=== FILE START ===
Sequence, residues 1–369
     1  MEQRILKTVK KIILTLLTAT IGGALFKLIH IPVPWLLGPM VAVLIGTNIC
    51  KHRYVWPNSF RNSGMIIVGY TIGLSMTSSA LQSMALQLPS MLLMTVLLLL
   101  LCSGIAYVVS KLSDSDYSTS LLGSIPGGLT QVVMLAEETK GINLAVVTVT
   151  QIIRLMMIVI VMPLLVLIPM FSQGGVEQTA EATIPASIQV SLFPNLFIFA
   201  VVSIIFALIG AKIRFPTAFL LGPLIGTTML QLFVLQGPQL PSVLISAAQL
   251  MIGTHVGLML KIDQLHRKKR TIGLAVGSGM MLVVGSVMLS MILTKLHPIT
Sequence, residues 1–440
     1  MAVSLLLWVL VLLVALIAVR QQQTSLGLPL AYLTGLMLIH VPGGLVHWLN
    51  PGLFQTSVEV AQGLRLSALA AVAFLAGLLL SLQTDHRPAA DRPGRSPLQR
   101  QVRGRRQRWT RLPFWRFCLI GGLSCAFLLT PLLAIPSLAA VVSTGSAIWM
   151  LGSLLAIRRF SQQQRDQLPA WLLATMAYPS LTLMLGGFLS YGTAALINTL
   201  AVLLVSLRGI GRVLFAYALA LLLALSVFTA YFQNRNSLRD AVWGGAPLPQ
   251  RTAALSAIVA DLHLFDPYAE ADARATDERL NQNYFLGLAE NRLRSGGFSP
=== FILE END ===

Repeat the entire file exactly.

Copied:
Sequence, residues 1–369
     1  MEQRILKTVK KIILTLLTAT IGGALFKLIH IPVPWLLGPM VAVLIGTNIC
    51  KHRYVWPNSF RNSGMIIVGY TIGLSMTSSA LQSMALQLPS MLLMTVLLLL
   101  LCSGIAYVVS KLSDSDYSTS LLGSIPGGLT QVVMLAEETK GINLAVVTVT
   151  QIIRLMMIVI VMPLLVLIPM FSQGGVEQTA EATIPASIQV SLFPNLFIFA
   201  VVSIIFALIG AKIRFPTAFL LGPLIGTTML QLFVLQGPQL PSVLISAAQL
   251  MIGTHVGLML KIDQLHRKKR TIGLAVGSGM MLVVGSVMLS MILTKLHPIT
Sequence, residues 1–440
     1  MAVSLLLWVL VLLVALIAVR QQQTSLGLPL AYLTGLMLIH VPGGLVHWLN
    51  PGLFQTSVEV AQGLRLSALA AVAFLAGLLL SLQTDHRPAA DRPGRSPLQR
   101  QVRGRRQRWT RLPFWRFCLI GGLSCAFLLT PLLAIPSLAA VVSTGSAIWM
   151  LGSLLAIRRF SQQQRDQLPA WLLATMAYPS LTLMLGGFLS YGTAALINTL
   201  AVLLVSLRGI GRVLFAYALA LLLALSVFTA YFQNRNSLRD AVWGGAPLPQ
   251  RTAALSAIVA DLHLFDPYAE ADARATDERL NQNYFLGLAE NRLRSGGFSP